Stove Costs and Savings

Stove Costs and Savings

19 January, 2016

W ood-burning stoves
With energy bills set to increase over the coming years, many home owners are starting to think of ways to make their homes energy efficient.

Stoves of all types are becoming increasingly popular as more people view them as greener and a great way to save on energy bills.  Here we will help you make an informed decision about the cost of installation and the cost of running your stove so you can compare it to other energy sources.

According to the Stove Industry Alliance (SIA), a wood burning stove is 77% cheaper per kilowatt hour (kWh) to run than an electric fire, 29% cheaper than a gas fire, and around 43% cheaper than oil and 50% than LPG fires.

There have been many surveys carried out that suggest 53% of those surveyed felt their stoves saved them money, but the initial lay out for installation and the cost of the stove was higher than they thought it would be.

Stove Costs
The cost of a stove is determined by whether it is a log burner, multi-fuel or pellet stove, as well as the size and wattage needed, which ranges from 3kW to more than 15kW.  A 5kW is considered the average size of a stove to heat most UK homes.  This can vary depending on where you want them placed, ventilation and size of room.  Then there is the additional cost for designer brands or added features, designer brands are popular as stoves tend to be a feature of a room.

Below, we have given you a rough idea of the cost of each type of stove:

  • 5kW log burner -costs around £470
  • 10kW log burner -costs around £800

  • 5kW multi-fuel - costs around £330
  • 10kW multi-fuel - costs around £400

  • A boiler stove (a stove with a boiler included or attached) will cost around £1,000 - £2,000
  • A pellet stove can cost between £1,000 and £4,000 depending on the size.  The cost is mostly due to the need for electricity to power them as they have an automatic system feeding the pellets into the stove.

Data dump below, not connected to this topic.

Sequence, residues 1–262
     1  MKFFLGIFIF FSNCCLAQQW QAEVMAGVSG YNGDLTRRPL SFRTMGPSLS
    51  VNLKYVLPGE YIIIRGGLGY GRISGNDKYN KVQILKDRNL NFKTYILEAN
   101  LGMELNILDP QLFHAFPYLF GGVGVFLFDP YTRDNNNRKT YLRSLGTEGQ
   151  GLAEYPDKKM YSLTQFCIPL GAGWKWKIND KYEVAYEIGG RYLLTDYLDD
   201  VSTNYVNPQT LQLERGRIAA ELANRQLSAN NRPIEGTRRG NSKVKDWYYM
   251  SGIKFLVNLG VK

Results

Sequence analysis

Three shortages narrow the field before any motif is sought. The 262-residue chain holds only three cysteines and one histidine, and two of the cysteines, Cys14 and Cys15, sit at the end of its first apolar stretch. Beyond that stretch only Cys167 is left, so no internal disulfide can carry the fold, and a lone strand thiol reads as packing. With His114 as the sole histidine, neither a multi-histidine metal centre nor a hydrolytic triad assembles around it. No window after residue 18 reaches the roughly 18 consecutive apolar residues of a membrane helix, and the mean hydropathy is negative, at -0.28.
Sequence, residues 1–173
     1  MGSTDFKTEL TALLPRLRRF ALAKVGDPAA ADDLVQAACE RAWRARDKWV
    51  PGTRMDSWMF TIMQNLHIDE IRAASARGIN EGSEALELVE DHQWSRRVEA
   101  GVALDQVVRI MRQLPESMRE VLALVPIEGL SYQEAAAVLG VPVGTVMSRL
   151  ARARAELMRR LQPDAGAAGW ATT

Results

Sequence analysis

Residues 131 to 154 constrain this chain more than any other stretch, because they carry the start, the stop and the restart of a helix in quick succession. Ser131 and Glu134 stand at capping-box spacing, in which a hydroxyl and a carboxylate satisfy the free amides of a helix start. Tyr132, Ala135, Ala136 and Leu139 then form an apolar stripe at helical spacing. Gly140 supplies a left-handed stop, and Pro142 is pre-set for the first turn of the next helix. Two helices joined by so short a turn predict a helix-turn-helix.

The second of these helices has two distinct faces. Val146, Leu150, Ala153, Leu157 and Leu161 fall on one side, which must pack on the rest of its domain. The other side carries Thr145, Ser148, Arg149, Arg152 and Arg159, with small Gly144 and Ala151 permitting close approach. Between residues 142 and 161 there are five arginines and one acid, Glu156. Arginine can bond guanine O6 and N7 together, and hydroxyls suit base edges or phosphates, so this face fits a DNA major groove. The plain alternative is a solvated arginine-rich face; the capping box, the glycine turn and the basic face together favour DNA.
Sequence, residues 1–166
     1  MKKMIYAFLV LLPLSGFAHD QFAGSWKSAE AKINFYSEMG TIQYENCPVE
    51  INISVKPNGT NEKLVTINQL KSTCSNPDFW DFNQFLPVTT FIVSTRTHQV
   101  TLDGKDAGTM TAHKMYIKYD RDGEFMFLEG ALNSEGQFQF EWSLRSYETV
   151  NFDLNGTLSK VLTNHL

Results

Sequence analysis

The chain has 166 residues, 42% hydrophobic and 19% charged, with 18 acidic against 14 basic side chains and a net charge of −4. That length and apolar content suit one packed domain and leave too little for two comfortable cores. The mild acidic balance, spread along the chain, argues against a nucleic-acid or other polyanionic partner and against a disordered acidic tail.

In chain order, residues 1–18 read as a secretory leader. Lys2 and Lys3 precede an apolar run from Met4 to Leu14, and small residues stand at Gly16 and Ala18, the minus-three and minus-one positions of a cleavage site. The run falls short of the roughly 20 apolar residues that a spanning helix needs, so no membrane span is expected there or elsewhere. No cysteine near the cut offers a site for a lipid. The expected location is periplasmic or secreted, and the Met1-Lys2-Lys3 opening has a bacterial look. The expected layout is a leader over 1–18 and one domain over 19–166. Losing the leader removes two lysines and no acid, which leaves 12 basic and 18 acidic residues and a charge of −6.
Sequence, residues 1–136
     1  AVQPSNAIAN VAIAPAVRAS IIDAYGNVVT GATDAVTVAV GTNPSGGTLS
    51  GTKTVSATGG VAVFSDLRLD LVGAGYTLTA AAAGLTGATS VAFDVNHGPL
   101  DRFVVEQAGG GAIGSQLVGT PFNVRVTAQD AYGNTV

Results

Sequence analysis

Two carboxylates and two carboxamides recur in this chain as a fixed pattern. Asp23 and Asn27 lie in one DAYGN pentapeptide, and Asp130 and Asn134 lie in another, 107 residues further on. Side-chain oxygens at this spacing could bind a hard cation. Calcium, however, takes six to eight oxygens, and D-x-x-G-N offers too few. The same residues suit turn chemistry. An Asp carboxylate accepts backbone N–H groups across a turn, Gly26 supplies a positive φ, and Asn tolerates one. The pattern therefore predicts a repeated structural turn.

Stoves also come with varying features which some stove owners couldn't live without, have a read of our article about multi-fuel stoves vs log burners, and our guide to buying a stove to help you decide what you need.

Stove Installation Costs
On average it costs £1,500 to install a stove

According to the Stove Installation Alliance, installation costs can vary between £750 and £2,000.  But the average installation cost is £1,500.

Installation can cost more if the following issues arise:-

  • The chimney needs to be relined because gasses could escape into the home
  • The chimney needs some work and is tall so scaffolding is required
  • There is no chimney so a flue has to be installed
  • Ventilation needs to be fitted in the room - this is a building regulation requirement
  • Luxury product

Problems can be found during the survey of your chimney, it is always best to get three quotes, some installers may charge for this, others don't, so have a good shop around.  Ask for a written confirmation of what is included in the quote, this will make it easier comparing costs.

Fuel Costs
Lots of people are put off of changing an energy source or supplier because they can't work out weather they will save any money.  Hopefully we can help you work out the cost of burning fuel on a stove.

Of course the cost of fuel will depend on the type of fuel you choose to burn, and this will probably be determined by what you have access to, how easily you can store it and whether you live in a smoke-controlled area.

The amount of wood you can expect to burn each year depends greatly on the type of wood you use and the wattage and efficiency of your stove, the number of hours you need to burn your stove for and the overall energy efficiency of your home.  However, it is estimated that people use around three to four cubic metres of wood a year.

When it comes to prices of wood this can also vary depending on the supplier and region so our costs are estimates.  Have a look for costs in your local area before you make your final decision.

Estimated cost of wood:-

  • Freshly cut logs - around £80 per cubic metre
  • Seasoned logs - around £110 per cubic metre
  • Kiln-dried logs - around £130 per cubic metre
  • Wood pellets are usually sold by the kg and cost around £120 per 250kg (500kg is roughly equivalent to one cubic metre). 

Types of logs and their kWh
Freshly cut logs can appear cheaper to buy, but they have between 60% - 80% moisture, they will only give around 1kWh per kg.

Seasoned logs have around 40% moisture so give an output of 3kWh per kg.

Kiln-dried logs have around 20% moisture giving a respectable 4.5kWh output per kg.

The less moisture in the log the more efficient they become.  Then there is the maintenance costs involved with having a stove, it is recommend that you have your chimney swept at least once a year, some recommend twice a year, but it is best to speak to a local chimney sweeper for advice.  The cost of having a chimney swept is between £60 - £120 a year.  Pellet stoves also need to be serviced, costing around £200 a year.